Plants generate their energy from sunlight via photosynthesis, however many crops have a photosynthetic glitch, which costs them a significant amount of energy that could be used for growth. This glitch has been shortened using careful engineering by researchers from the University of Illinois and US Department of Agriculture’s Agricultural Research Service, to generate plants with a 40% increase in productivity in real-world conditions.
Tobacco seedlings. Image: Claire Benjamin/RIPE project
During photosynthesis, carbon dioxide (CO2) and water are converted into sugars by the enzyme Rubisco, which is fuelled by energy from sunlight. Rubisco is the planets most abundant protein, but its efficiency has resulted in an oxygen-rich atmosphere, and it cannot reliably distinguish between CO2 and oxygen (O2). Approximately 20% of the time, O2 is grabbed by Rubisco instead of CO2, and then converted into a compound which is toxic to plants. This compound can be recycled through a process known as photorespiration.
The research team. Image: Claire Benjamin/RIPE project
In this study, alternate routes for the process have been engineered, allowing the plant to save resources better utilised for growth. The scientists generated three alternate routes using different sets of promoters and genes, which were then stress tested in 1,700 individual plants to find the best performers.
Cellular agriculture involves making food from cell cultures in bioreactors. The products are chemically identical to meat and dairy products, and it’s claimed they have the same taste and texture.
The technology is an attractive option because it would reduce the world’s reliance on livestock, which is unsustainable, and would have potential knock-on benefits of lower greenhouse gas emissions, and reduced water, land, and energy usage than traditional farming.
IndieBio helps biotechnology start-ups. Since 2014, it has funded several new US-based businesses in cellular agriculture: Perfect Day, formerly Muufri, makes milk from cell culture; Clara Foods is developing a way to make egg whites from cell culture; and Memphis Meats is focusing on animal-free meat using tissue engineering.
Growth is driven by the clear benefits this technology can offer, says Ron Sigeta, IndieBio’s Chief Scientific Officer. ‘It takes 144 gallons of water to make a gallon of milk or 53 gallons of water to make an egg. Cellular agriculture products don’t require such large water supplies, or large tracts of land, or produce the same level of greenhouse gas emissions.’
Salmonella bacteria are not present in cell-cultured milk so there is no risk of infection. Image: Wikimedia Commons
Food safety is also a significant issue. ‘Cellular agriculture makes products in an entirely controlled environment so it’s a source of food we can understand with a transparency that is simply not possible now,’ says Sigeta. For example, raw, unpasteurised milk can carry bacteria, such as salmonella, which is not a problem for Perfect Day’s milk as there are no bacteria-carrying animals are involved.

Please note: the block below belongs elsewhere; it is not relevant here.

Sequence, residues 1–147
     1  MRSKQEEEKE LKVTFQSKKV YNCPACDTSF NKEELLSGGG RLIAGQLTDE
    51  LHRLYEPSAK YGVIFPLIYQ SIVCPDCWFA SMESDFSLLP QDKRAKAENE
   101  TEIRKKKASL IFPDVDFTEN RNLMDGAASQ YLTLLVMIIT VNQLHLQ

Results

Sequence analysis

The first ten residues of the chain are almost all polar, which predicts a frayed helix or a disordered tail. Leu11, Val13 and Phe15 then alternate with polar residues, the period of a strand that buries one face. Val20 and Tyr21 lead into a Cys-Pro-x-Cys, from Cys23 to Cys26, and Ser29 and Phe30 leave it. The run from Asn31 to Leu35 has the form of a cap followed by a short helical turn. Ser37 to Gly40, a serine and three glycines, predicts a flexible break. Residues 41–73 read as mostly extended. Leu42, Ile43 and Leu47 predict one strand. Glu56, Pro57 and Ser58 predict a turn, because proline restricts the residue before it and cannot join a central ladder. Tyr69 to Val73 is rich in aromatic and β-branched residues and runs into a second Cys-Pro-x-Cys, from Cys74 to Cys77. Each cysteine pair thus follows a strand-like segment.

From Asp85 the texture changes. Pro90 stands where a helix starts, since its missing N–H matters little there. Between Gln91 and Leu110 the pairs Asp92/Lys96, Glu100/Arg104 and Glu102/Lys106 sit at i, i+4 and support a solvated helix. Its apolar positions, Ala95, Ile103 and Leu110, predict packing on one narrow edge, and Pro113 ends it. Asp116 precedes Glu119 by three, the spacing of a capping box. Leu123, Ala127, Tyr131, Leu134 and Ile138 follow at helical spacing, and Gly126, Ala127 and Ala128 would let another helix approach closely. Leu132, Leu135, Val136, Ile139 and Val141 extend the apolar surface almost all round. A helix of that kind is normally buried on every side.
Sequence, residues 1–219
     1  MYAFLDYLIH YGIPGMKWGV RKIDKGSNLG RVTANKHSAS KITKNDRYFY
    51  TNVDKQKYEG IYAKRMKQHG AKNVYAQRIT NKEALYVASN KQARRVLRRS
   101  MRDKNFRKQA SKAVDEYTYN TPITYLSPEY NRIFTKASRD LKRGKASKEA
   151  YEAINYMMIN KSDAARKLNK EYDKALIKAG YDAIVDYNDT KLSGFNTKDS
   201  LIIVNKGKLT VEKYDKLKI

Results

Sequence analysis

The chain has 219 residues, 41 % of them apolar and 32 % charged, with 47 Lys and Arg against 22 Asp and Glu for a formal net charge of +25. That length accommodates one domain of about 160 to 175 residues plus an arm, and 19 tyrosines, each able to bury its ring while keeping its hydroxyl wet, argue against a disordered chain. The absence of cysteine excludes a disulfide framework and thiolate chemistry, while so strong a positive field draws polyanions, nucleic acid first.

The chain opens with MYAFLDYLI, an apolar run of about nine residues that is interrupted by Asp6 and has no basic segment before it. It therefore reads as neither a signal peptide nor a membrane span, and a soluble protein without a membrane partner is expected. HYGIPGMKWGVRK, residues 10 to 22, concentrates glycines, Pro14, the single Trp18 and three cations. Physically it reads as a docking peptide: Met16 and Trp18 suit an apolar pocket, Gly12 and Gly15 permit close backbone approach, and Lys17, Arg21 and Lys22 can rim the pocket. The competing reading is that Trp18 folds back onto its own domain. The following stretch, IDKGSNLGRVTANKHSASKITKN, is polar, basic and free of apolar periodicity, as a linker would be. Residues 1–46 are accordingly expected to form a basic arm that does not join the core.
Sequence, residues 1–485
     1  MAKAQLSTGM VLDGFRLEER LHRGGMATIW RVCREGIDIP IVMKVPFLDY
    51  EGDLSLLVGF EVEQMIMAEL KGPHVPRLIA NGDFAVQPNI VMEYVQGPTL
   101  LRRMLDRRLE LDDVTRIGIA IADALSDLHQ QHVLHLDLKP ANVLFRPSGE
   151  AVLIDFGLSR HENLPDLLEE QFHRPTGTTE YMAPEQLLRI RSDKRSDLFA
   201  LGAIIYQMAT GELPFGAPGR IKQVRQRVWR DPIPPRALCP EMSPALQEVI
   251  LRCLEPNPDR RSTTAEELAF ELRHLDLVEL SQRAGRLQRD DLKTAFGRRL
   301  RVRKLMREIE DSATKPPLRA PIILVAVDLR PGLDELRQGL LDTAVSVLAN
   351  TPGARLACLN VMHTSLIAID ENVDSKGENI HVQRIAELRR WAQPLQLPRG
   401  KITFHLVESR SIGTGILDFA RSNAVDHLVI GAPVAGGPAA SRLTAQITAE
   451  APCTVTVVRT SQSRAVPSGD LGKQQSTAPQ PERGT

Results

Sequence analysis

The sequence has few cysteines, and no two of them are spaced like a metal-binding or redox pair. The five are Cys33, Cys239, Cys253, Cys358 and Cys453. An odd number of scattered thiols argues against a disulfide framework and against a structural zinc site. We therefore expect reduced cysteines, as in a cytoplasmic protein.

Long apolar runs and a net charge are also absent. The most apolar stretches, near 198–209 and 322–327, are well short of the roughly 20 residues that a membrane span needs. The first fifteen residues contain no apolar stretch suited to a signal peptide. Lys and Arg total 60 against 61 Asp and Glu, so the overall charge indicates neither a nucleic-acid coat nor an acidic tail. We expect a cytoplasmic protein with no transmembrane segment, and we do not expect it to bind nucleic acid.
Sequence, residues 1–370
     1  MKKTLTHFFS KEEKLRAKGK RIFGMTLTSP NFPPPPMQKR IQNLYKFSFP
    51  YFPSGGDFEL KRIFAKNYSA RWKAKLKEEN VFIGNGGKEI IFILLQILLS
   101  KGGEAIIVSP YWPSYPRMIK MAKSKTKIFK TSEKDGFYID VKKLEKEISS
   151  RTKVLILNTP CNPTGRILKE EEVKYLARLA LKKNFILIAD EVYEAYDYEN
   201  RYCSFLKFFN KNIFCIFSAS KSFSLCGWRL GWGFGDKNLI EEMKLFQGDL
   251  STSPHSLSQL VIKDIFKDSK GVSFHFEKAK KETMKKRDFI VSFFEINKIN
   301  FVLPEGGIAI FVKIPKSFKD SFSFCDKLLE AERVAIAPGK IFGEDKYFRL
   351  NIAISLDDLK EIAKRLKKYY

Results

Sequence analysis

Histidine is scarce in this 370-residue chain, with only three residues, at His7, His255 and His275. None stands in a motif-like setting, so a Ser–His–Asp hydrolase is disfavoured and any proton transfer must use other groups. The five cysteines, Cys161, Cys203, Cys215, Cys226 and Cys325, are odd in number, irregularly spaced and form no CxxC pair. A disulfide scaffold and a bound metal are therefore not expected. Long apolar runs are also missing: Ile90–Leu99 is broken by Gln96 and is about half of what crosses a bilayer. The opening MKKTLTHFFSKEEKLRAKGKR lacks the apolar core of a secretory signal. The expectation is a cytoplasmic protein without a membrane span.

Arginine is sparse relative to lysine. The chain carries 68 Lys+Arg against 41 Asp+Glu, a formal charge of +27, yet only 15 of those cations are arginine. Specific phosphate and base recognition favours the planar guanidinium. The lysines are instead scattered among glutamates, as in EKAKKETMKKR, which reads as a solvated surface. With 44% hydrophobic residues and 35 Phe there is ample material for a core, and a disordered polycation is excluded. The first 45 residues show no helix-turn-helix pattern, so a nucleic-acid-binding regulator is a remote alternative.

So how does it work?
Cellular agriculture products can be acellular – made of organic molecules like proteins and fats – or cellular – made of living or once-living cells.
Meat industry critics argue that it is not sustainable and lab-grown meat is the future. Video: Eater
Acellular products are made without using microbes like yeast or similar bacteria. Scientists alter the yeast by inserting the gene responsible for making the desired protein. Since all cells read the same genetic code, the yeast, now carrying recombinant DNA, makes the protein molecularly identical to the protein an animal makes.
Other products like meat and leather are produced by a cellular approach. Using tissue engineering techniques muscle, fat or skin cells can be assembled on a scaffold with nutrients. The cells can be grown in large quantities and then combined to make the product.
The first cultured beef patty was made in 2013. Image: Public Domain Pictures
Mark Post at Maastricht University, the Netherlands, made the first cultured beef hamburger in 2013 using established tissue engineering methods to grow cow muscle cells. The process, however, was expensive and time-consuming, but his team has been working on improvements.
‘We are focusing on hamburgers because our process results in small tissues that are large enough for minced meat applications, which accounts for half of the meat market. To make a steak, one would need to impose a larger 3D structure to the cells to grow in.
‘It is very important that such a structure contains a channel system to perfuse the nutrients and oxygen through to the developing tissue and to remove waste as a result of metabolic activity. This technology is being developed, but is not yet ready for large scale production.’
Surveys have shown that the public are behind genetically engineered meat alternatives. Image: Ben Amstutz@Flickr
Commercial challenges include finding a cost-effective medium for cell nutrition developing a bioreactor for industrial scale production. Public perception may also be a challenge: Will people buy synthetically engineered food?
A recent crowdfunding campaign shows the global massive support for the idea of clean meat, says Koby Barak, SuperMeat’s chief operating officer and co-founder. However, he believes these will be overcome shortly, and it will not be long before companies see ‘massive funding’ in this field and the creation of clean meat factories worldwide.